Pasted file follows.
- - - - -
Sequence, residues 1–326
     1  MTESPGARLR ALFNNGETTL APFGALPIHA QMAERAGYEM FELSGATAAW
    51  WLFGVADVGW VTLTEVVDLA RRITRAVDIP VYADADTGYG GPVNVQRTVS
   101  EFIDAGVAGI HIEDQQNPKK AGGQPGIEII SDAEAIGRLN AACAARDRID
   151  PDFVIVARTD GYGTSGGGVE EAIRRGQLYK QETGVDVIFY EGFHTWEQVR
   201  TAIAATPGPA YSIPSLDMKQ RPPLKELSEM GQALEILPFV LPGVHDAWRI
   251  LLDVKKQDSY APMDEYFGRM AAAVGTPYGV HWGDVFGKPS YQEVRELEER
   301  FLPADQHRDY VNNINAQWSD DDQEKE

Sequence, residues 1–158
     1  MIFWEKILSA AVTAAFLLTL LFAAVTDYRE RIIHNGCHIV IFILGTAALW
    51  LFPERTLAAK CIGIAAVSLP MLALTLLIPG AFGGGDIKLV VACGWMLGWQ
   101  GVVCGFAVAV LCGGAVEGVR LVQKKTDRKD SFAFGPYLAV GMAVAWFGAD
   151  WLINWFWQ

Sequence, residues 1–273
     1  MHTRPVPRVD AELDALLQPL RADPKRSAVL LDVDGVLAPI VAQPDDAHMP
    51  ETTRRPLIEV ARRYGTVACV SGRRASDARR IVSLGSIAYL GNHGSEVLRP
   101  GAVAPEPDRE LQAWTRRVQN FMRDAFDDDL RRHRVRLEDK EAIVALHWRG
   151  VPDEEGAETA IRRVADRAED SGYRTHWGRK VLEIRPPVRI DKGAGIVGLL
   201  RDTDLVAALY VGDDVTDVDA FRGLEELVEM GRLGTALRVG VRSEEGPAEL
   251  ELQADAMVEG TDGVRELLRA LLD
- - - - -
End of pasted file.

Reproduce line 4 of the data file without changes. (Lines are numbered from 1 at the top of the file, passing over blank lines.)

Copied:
   101  EFIDAGVAGI HIEDQQNPKK AGGQPGIEII SDAEAIGRLN AACAARDRID